A vegetable garden shares space with the solar hot water system on the roof, where recycled motorcycle tires serve as planters. David Baker's Zero Cottage.
An alternating-tread ladder—originally designed for oil refineries—leads to the third-floor sleeping quarters. David Baker's Zero Cottage.
Architect and owner David Baker designed special clips to hold the metal tiles in place, individual tiles can be swapped for planter-box shingles. David Baker's Zero Cottage.
The facade is fire-proof cement board paneling—a lighter, more durable alternative to stucco—accented by sustainably forested cedar. Native grasses line the front walkway. The Kaneda's Cupertino Eco-Ranch Home.
The home is lit naturally by generous windows and skylights. Soy-based foam insulation in the walls helps control temperature swings. The Kaneda's Cupertino Eco-Ranch Home.
Large rear windows take advantage of southern light. The deck is built from sustainably harvested ipe. William Kelly's Noe Valley Edwardian.
The glass-and-steel staircase doubles as a heat chimney in summer, letting hot air escape through a skylight. The Douglas fir dining table was made by Wooden Duck in Berkeley. William Kelly's Noe Valley Edwardian.
The 1904 Noe Valley Edwardian home. William Kelly's Noe Valley Edwardian.
Zero. Zilch. Nada. The buzziest new Bay Area homes aren't envied for their Kim and Kanye-like excess. Instead, their cool factor lies in what's lacking. Going beyond sustainable building, these homeowners are striving for net-zero energy certification: houses that produce as much energy as they use.
Sheet Metal Swathes a Cottage
Architect David Baker calls this 1,050-square-foot annex to his Mission District home the zero cottage, but that’s not quite right: The building’s three-kilowatt photovoltaic system produces more energy than the dwelling uses—making it more like a Positive Cottage. Apart from traditional energy savers like LED lighting and triple-paned glass, Baker pushed for less common advances, like a rubberized waterproof membrane within the walls (which makes the house practically airtight) and an elaborate heat recovery system that warms fresh air with “waste heat” generated from cooking and lighting. But the real focal point is the home’s shimmering siding made from salvaged sheet metal and carbonized maple flooring tiles. They’re impractical for larger public buildings, perhaps—they reflect the sun’s glare and rattle in the wind—but Baker finds the effect on his small adjunct home “charming,” not unlike rain pelting a tin roof. J.F.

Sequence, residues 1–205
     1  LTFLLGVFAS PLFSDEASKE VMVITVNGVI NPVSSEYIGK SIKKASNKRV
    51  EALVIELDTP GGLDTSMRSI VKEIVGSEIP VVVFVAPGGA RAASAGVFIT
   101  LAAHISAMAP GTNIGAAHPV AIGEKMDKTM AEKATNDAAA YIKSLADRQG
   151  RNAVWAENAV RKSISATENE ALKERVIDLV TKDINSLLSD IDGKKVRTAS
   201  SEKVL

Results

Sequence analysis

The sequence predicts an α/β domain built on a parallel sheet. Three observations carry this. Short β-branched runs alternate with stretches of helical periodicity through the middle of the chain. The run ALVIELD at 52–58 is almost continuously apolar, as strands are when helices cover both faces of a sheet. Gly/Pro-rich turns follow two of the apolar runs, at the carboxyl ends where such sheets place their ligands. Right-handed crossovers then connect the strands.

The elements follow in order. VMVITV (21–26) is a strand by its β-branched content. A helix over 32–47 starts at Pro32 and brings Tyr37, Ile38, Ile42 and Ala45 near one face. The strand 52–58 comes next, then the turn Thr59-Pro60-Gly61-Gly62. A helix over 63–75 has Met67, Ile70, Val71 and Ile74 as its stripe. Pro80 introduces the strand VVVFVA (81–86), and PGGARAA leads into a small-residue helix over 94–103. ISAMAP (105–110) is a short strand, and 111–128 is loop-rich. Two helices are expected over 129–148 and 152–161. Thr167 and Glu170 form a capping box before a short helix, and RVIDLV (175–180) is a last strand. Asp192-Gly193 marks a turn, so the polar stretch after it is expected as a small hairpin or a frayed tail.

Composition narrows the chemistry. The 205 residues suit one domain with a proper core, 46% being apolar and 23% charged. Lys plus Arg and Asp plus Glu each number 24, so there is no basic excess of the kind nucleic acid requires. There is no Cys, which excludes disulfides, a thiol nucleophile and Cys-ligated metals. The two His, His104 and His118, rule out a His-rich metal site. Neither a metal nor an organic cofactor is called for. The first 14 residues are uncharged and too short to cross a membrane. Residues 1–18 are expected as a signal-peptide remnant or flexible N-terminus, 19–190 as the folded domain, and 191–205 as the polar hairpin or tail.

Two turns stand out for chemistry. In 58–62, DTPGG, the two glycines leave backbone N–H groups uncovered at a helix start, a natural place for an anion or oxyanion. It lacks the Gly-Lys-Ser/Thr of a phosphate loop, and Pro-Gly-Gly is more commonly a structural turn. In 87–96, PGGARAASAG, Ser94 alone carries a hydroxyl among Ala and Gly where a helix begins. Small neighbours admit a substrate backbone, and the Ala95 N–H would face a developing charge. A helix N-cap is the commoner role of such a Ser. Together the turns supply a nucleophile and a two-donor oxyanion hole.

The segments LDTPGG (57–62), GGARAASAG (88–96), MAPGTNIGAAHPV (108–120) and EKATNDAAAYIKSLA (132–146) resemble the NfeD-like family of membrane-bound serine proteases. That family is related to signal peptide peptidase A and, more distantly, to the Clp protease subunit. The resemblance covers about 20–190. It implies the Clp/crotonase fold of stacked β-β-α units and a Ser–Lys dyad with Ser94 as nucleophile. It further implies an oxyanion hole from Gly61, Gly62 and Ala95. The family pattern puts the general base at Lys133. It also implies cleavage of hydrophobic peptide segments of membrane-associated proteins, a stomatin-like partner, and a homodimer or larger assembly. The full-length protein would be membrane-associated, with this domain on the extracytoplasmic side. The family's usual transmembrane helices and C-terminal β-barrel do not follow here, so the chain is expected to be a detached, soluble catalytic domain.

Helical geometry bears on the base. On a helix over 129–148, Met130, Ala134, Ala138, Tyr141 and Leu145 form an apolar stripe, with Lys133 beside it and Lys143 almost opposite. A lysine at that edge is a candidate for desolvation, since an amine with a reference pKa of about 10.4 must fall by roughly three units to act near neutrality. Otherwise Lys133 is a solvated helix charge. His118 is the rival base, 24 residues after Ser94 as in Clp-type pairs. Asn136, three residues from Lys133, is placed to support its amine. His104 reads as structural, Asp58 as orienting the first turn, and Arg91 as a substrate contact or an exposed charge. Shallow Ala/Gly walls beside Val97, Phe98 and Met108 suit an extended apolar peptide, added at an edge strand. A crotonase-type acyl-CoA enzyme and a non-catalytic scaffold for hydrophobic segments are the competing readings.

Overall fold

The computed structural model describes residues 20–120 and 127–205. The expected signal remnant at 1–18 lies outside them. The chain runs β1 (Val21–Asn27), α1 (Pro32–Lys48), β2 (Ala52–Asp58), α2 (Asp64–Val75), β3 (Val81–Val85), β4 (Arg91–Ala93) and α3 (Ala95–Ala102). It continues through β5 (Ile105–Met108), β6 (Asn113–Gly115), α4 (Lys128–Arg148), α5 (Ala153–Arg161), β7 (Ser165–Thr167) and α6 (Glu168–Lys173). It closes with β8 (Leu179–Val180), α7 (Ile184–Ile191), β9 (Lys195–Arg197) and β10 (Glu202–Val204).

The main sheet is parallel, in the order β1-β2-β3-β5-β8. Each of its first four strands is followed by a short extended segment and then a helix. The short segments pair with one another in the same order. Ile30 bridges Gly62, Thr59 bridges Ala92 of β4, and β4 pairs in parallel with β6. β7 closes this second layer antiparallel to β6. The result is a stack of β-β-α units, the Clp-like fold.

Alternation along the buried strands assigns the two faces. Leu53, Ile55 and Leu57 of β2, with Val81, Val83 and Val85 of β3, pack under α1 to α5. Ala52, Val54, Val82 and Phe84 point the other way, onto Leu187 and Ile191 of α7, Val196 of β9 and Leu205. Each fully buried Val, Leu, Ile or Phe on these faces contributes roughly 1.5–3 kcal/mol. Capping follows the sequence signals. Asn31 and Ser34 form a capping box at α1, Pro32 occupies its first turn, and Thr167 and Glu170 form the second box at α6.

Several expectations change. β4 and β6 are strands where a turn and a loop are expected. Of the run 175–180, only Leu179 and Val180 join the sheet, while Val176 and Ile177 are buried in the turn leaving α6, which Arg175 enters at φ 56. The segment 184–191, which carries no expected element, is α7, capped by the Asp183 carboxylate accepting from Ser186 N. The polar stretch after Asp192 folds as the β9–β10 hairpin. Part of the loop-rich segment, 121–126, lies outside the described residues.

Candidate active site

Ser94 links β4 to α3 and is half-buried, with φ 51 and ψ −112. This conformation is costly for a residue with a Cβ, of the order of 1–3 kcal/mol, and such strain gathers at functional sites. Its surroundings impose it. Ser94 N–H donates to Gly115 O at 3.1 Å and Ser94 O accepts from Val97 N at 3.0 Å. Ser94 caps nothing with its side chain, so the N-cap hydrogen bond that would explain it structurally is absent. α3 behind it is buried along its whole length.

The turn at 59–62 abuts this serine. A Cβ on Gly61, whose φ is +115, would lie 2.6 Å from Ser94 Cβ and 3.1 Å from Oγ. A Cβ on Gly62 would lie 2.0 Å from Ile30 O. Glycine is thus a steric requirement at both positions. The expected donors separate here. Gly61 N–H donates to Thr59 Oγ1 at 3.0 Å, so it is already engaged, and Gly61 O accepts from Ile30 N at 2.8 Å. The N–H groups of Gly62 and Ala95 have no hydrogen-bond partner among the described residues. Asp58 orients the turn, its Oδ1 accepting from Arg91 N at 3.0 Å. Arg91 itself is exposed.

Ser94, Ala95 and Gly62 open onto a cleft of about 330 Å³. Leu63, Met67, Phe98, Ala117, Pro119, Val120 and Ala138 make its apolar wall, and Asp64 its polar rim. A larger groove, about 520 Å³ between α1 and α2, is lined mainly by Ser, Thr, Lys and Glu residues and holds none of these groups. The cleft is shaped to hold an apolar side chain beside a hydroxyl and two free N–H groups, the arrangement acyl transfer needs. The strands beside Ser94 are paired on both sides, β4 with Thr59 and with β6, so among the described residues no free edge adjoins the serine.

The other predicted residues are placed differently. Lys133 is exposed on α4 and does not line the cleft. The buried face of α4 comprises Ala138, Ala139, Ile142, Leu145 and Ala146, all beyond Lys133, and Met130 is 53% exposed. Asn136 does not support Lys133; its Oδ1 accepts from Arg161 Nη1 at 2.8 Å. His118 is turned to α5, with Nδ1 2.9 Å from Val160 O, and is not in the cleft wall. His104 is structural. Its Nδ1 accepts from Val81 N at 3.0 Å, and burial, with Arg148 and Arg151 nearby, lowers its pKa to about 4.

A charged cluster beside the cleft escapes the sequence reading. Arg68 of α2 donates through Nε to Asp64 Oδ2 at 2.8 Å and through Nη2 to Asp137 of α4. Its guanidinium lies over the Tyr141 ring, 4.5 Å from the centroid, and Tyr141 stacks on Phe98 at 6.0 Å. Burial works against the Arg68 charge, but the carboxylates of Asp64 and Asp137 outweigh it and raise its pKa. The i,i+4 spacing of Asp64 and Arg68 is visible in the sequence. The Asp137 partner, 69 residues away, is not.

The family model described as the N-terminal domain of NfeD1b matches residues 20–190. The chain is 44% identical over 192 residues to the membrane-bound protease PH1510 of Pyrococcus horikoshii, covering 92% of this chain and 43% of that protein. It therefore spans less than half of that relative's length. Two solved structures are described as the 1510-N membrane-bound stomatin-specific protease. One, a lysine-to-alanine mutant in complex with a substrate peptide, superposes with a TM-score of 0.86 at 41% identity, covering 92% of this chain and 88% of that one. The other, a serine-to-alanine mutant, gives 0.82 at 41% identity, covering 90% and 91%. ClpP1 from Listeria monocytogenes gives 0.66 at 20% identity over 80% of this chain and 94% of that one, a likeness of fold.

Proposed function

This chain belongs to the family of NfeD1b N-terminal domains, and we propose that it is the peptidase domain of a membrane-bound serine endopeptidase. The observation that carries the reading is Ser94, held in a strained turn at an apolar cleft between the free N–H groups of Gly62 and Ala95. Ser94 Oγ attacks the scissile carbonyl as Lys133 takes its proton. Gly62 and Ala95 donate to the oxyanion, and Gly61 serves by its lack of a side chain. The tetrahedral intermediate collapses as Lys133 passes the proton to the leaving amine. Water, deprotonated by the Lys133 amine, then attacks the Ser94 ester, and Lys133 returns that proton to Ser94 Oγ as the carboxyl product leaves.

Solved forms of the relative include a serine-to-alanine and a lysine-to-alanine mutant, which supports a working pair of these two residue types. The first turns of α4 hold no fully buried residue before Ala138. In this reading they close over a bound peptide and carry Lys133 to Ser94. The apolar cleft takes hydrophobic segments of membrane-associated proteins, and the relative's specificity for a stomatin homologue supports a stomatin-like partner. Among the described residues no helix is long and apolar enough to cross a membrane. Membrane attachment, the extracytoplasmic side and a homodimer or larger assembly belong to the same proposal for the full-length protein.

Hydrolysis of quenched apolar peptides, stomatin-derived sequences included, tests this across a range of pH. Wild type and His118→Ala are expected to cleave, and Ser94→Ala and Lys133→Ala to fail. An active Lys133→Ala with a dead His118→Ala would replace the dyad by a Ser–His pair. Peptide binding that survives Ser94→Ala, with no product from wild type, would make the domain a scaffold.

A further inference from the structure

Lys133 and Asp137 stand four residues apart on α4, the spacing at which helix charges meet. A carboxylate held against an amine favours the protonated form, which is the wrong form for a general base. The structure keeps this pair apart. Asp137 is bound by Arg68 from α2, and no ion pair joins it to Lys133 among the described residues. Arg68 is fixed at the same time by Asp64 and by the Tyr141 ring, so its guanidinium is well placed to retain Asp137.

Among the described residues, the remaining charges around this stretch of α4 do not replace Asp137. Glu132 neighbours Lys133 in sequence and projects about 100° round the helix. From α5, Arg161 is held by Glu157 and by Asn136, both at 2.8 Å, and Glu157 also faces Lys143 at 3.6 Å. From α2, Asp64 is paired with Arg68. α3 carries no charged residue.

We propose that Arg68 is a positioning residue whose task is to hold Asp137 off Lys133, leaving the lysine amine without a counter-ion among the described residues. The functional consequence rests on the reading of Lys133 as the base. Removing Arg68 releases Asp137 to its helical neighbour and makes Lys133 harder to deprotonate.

An Eco-Ranch House Keeps Up with the Joneses
When moving into a Cupertino neighborhood rife with McMansions, electrical engineer David Kaneda and his wife, Stephania, wanted to go green without the “my solar panels are bigger than yours” showboating. They tapped Leddy Maytum Stacy Architects to design their comparatively modest 2,245-square-foot home, where green features like the 6.4-kilowatt photovoltaic system (which powers the entire home) and rooftop hot water solar collectors take a backseat to aesthetic details like sustainably harvested cedar siding, bamboo interior paneling, and splashy orange accent paint. Sunlight warms the radiant concrete-slab floor through large south-facing windows in the winter; in the summer, automated shades drop, and rooftop solar panels heat the backyard plunge pool. L.M.
An Edwardian Divorces PG&E
As the managing director of San Jose–based SunPower corporation, William Kelly unabashedly geeks out about solar panels. But when he set about expanding his family’s 1904 Noe Valley Edwardian, he took things a step further, getting “off the pipe”— eliminating the need for natural gas. Instead, a radiant system of water-filled tubing beneath the floorboards provides heat, and cooking is done on an induction stovetop. San Francisco firm Levy Art and Architecture expanded the home to 2,424 square feet, moving living areas to the south-facing rear of the house to harness the sunlight;a skylight over the glass-encased three-story staircase lets natural light reach from rooftop to basement. Meanwhile, SunPower’s photovoltaic solar panel system channels 7.6 kilowatts of electricity—enough to power the home and the family’s two cars. J.F.
Originally published in the April 2013 issue of San Francisco.
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